Agricultural Stakeholder Views on Climate Change: Implications for Conducting Research and Outreach

dc.contributor.author Arbuckle, J. Gordon
dc.contributor.author Stalker Prokopy, Linda
dc.contributor.author Wright Morton, Lois
dc.contributor.author Arbuckle, J. Gordon
dc.contributor.author Wilke, Adam
dc.contributor.author Saylor Mase, Amber
dc.contributor.author Wilke, Adam
dc.contributor.department Sociology
dc.date 2018-02-17T18:45:52.000
dc.date.accessioned 2020-07-02T06:50:17Z
dc.date.available 2020-07-02T06:50:17Z
dc.date.copyright Thu Jan 01 00:00:00 UTC 2015
dc.date.issued 2015-01-01
dc.description.abstract <p>Understanding U.S. agricultural stakeholder views about the existence of climate change and its causes is central to developing interventions in support of adaptation and mitigation. Results from surveys conducted with six Midwestern stakeholder groups [corn producers, agricultural advisors, climatologists, extension educators, and two different cross-disciplinary teams of scientists funded by the U.S. Department of Agriculture–National Institute of Food and Agriculture (USDA–NIFA)] reveal striking differences. Individuals representing these groups were asked in 2011/12 to “select the statement that best reflects your beliefs about climate change.” Three of five answer options included the notion that climate change is occurring but for different reasons (mostly human activities; mostly natural; more or less equally by natural and human activities). The last two options were “there is not sufficient evidence to know with certainty whether climate change is occurring or not” and “climate change is not occurring.” Results reveal that agricultural and climate scientists are more likely to believe that climate change is mostly due to human activities (50%–67%) than farmers and advisors (8%–12%). Almost a quarter of farmers and agricultural advisors believe the source of climate change is mostly natural causes, and 22%–31% state that there is not sufficient evidence to know with certainty whether it is occurring or not. This discrepancy in beliefs creates challenges for communicating climate science to agricultural stakeholders in ways that encourage adaptation and mitigation. Results suggest that engagement strategies that reduce threats to worldviews and increase public dialogue could make climate information more relevant to stakeholder groups with different belief structures.</p>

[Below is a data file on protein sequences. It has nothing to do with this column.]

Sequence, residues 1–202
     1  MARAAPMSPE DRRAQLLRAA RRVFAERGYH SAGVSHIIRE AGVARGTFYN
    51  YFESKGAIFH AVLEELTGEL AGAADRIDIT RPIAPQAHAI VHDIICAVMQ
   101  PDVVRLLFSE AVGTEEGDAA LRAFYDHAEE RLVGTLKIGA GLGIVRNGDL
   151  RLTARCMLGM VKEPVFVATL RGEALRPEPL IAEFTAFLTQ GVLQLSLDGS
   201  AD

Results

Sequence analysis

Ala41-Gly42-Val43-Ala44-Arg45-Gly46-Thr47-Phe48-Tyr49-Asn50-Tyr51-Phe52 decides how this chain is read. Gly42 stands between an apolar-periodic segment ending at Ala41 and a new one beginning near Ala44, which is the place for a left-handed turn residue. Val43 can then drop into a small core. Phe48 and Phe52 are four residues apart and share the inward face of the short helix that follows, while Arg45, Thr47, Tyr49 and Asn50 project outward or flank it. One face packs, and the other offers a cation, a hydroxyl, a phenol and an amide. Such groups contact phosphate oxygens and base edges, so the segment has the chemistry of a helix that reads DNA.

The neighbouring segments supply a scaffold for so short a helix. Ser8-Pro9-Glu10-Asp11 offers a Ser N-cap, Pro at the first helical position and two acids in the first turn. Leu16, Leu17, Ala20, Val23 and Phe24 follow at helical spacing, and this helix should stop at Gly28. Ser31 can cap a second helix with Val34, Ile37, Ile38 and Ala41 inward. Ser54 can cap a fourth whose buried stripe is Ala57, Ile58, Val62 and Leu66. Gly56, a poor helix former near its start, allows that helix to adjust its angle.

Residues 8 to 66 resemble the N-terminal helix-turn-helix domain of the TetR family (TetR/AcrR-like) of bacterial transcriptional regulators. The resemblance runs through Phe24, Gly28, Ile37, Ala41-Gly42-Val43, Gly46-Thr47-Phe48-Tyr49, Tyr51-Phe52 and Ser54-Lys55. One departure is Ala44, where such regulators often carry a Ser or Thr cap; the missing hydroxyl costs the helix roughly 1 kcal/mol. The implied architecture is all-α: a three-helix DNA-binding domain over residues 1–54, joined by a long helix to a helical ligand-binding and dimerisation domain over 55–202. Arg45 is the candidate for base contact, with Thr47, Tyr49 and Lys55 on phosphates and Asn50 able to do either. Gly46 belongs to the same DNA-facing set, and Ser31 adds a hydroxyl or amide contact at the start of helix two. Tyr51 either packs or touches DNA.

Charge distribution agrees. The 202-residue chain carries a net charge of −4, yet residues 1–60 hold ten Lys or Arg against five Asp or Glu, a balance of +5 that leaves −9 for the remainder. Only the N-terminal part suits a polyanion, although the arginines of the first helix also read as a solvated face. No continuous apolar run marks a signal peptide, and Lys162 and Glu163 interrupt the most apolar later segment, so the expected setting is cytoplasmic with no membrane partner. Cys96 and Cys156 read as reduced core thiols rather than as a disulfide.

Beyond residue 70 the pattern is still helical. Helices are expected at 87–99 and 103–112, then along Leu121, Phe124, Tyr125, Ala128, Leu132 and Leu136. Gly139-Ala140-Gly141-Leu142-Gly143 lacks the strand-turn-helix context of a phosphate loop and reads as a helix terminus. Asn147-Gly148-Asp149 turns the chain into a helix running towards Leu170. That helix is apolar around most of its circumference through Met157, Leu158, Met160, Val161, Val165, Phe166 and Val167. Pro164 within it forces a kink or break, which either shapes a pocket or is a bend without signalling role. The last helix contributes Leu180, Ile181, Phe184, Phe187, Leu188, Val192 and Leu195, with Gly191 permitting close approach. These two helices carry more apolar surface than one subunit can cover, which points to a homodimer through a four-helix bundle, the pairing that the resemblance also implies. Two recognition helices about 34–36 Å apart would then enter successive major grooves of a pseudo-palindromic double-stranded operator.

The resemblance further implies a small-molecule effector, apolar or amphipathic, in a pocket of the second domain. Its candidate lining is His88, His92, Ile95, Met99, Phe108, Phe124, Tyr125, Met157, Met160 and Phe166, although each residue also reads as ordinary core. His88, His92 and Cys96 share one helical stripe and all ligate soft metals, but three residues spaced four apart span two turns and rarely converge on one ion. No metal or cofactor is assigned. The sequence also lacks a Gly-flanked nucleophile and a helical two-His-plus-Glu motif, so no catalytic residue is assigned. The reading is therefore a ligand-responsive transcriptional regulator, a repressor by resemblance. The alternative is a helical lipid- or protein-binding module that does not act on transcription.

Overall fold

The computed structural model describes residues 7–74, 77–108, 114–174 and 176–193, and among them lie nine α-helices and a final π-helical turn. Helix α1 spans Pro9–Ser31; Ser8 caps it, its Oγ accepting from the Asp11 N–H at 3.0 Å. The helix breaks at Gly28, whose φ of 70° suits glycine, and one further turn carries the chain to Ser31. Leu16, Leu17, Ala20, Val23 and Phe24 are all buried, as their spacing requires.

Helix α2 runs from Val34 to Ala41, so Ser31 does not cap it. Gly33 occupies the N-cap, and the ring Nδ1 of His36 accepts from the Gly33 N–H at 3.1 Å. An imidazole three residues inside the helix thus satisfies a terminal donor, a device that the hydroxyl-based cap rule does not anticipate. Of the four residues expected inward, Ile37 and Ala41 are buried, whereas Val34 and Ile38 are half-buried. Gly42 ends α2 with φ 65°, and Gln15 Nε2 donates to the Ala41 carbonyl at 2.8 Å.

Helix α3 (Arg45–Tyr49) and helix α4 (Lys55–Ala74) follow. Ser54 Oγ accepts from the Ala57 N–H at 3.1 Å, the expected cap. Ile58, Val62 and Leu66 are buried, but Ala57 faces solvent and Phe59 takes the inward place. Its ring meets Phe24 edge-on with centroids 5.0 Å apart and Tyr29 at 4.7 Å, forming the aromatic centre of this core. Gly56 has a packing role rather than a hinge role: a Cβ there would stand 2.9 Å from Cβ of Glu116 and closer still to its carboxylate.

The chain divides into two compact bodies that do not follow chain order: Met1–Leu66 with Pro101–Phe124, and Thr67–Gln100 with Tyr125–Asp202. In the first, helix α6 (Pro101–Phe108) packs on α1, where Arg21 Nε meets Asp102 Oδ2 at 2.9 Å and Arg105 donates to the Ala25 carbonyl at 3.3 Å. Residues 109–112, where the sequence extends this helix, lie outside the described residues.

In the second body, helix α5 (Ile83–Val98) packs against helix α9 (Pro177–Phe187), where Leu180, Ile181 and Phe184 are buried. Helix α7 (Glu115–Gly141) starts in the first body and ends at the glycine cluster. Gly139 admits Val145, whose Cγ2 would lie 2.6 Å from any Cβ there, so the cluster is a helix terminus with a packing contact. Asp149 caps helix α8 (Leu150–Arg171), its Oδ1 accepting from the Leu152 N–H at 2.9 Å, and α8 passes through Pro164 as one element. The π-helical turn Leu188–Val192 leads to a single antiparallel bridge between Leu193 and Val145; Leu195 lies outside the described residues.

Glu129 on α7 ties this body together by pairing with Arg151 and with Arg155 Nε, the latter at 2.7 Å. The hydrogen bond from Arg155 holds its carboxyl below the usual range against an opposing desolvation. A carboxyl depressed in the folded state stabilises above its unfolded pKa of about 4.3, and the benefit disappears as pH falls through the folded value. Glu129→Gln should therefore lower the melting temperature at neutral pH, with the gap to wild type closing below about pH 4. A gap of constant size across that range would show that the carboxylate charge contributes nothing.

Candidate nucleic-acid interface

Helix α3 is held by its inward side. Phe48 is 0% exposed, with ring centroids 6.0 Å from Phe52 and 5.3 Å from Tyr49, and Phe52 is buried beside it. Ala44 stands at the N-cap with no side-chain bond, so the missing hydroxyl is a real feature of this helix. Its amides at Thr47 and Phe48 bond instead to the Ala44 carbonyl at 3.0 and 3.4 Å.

dc.description.comments <p>This is an article from <em>Bulletin of the American Meteorological Society </em>96 (2015): 181, <a href="http://dx.doi.org/10.1175/BAMS-D-13-00172.1" target="_blank">doi:10.1175/BAMS-D-13-00172.1</a>. Posted with permission.</p>
dc.format.mimetype application/pdf
dc.identifier archive/lib.dr.iastate.edu/soc_las_pubs/13/
dc.identifier.articleid 1013
dc.identifier.contextkey 8850809
dc.identifier.s3bucket isulib-bepress-aws-west
dc.identifier.submissionpath soc_las_pubs/13
dc.identifier.uri https://dr.lib.iastate.edu/handle/20.500.12876/89227
dc.language.iso en
dc.source.bitstream archive/lib.dr.iastate.edu/soc_las_pubs/13/2015_Wilke_AgriculutralStakeholder.pdf|||Fri Jan 14 19:38:51 UTC 2022
dc.source.uri 10.1175/BAMS-D-13-00172.1
dc.subject.disciplines Agricultural Economics
dc.subject.disciplines Agricultural Education
dc.subject.disciplines Civic and Community Engagement
dc.subject.disciplines Rural Sociology
dc.title Agricultural Stakeholder Views on Climate Change: Implications for Conducting Research and Outreach
dc.type article
dc.type.genre article
dspace.entity.type Publication
relation.isAuthorOfPublication 74cafb20-bc7c-4324-9e2d-2bc9f4f4a029
relation.isAuthorOfPublication 09069110-d681-46e5-9333-a54270821c5c
relation.isOrgUnitOfPublication 84d83d09-42ff-424d-80f2-a35244368443
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